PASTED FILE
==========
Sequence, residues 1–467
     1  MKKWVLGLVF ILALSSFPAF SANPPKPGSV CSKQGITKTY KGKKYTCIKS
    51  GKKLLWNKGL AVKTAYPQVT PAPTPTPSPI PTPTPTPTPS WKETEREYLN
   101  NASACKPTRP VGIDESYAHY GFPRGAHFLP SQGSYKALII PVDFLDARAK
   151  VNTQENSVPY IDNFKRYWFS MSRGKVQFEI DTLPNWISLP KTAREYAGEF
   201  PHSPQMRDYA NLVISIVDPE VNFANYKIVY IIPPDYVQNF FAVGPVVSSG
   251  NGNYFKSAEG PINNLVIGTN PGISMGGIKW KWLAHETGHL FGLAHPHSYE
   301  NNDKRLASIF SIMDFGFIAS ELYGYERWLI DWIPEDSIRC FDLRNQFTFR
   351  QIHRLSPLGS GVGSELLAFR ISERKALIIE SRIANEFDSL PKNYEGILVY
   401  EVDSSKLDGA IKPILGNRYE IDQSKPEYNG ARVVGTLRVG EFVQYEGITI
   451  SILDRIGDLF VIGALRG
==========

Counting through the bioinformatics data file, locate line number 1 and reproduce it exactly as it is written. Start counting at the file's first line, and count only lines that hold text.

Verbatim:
Sequence, residues 1–467